Who needs to be cool when all your friends are?
Welcome to the tryout stage of the veepstakes race. Monday brings Mitt Romney to New Hampshire - alongside Sen. Kelly Ayotte, R-N.H., who follows the close-to-Romney footsteps of other vice presidential contenders Sen. Marco Rubio, R-Fla., and Rep. Paul Ryan, R-Wis., on the trail.
Such events mean Romney's eventual pick for the No. 2 slot will almost certainly have campaigned at his side. It gives voters a feel for how the team will look in action - and the Romney campaign, unlike the McCain campaign, will be able to test drive the single biggest asset it will add to the mix before November.
It also will allow Romney to look cool, in precisely the places where it's important.
The veepstakes list happens to be filled with names that hail from pivotal battleground states - Florida, Ohio, New Hampshire, Wisconsin. Campaigning with GOP boldfaced names will draw largely flattering coverage in those states, even when the campaigning isn't actually happening inside that state.
The Romney campaign, moreover, is giving its short-listers long leashes. There's little crackdown from Boston while the possible vice-presidential contenders enjoy their moments of flattery back home.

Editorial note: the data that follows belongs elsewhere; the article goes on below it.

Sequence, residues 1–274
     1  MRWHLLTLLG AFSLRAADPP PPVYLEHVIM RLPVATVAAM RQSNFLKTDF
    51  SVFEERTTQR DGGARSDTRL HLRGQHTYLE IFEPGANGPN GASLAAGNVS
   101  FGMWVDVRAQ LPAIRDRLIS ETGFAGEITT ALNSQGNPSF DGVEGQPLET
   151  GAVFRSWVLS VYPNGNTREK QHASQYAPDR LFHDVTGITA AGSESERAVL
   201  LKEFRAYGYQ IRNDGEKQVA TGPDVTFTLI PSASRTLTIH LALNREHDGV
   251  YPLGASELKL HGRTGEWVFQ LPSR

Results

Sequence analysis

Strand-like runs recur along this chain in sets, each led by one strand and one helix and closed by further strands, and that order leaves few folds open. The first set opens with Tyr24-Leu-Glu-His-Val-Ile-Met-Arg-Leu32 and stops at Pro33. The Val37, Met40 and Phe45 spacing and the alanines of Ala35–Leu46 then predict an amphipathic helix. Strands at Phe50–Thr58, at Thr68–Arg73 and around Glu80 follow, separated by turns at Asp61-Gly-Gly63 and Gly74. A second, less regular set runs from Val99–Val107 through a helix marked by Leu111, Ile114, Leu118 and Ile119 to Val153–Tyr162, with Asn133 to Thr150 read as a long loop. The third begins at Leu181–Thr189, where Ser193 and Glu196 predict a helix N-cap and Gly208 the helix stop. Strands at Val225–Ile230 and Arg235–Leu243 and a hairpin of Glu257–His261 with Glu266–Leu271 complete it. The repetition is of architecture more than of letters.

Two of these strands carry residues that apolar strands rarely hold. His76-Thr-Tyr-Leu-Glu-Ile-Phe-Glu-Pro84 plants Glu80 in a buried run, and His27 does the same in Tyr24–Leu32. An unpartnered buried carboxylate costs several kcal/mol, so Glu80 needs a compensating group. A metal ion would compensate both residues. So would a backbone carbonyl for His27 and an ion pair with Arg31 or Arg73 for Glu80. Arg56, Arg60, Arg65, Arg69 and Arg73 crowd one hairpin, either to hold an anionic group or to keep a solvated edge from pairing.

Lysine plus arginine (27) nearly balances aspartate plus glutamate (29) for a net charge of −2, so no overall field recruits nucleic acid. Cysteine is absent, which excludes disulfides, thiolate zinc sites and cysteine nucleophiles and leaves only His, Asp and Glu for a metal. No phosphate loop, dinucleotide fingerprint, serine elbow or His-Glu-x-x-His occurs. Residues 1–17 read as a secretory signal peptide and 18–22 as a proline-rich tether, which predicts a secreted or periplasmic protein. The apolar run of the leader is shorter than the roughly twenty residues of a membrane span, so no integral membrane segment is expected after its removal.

The reflected glow of Republican stars means buzz for Romney during a lull in the campaign action. The famously square presumptive GOP nominee may just find the right campaign formula in the process.
The veepstakes action comes as something remarkable is happening in the campaign: The Romney campaign appears ready to cede the likability argument to President Obama.
Obama leads Romney by an astounding 38 points on the question of who's the more friendly and likable candidate, according to the latest ABC News/Washington Post poll. Romney aides expect softer-focus campaign coverage to close some of that gap now that the GOP primaries are effectively over, with Newt Gingrich's formal withdrawal from the race this week.
But until then, the Romney campaign is content to let voters think that Obama is the cooler candidate. A Republican National Committee web ad out last week mocks Obama for slow-jamming the news with Jimmy Fallon, while Romney gave a substantive, vision-filled speech to cap his latest round of primary victories.
The Romney campaign doesn't care if you like Obama, so long as you don't for him.
The Obama campaign, meanwhile, has taken a more aggressive tack as a general-election opening gambit. His campaign is using former President Bill Clinton to highlight President Obama's decision to move in to kill Osama bin Laden - and going a step further by questioning whether Romney would have made the same call.
That ad gets closer to the heart of this campaign - a stark message that the Obama campaign is ready for battle. The candidate may be cool, but the heat is already on.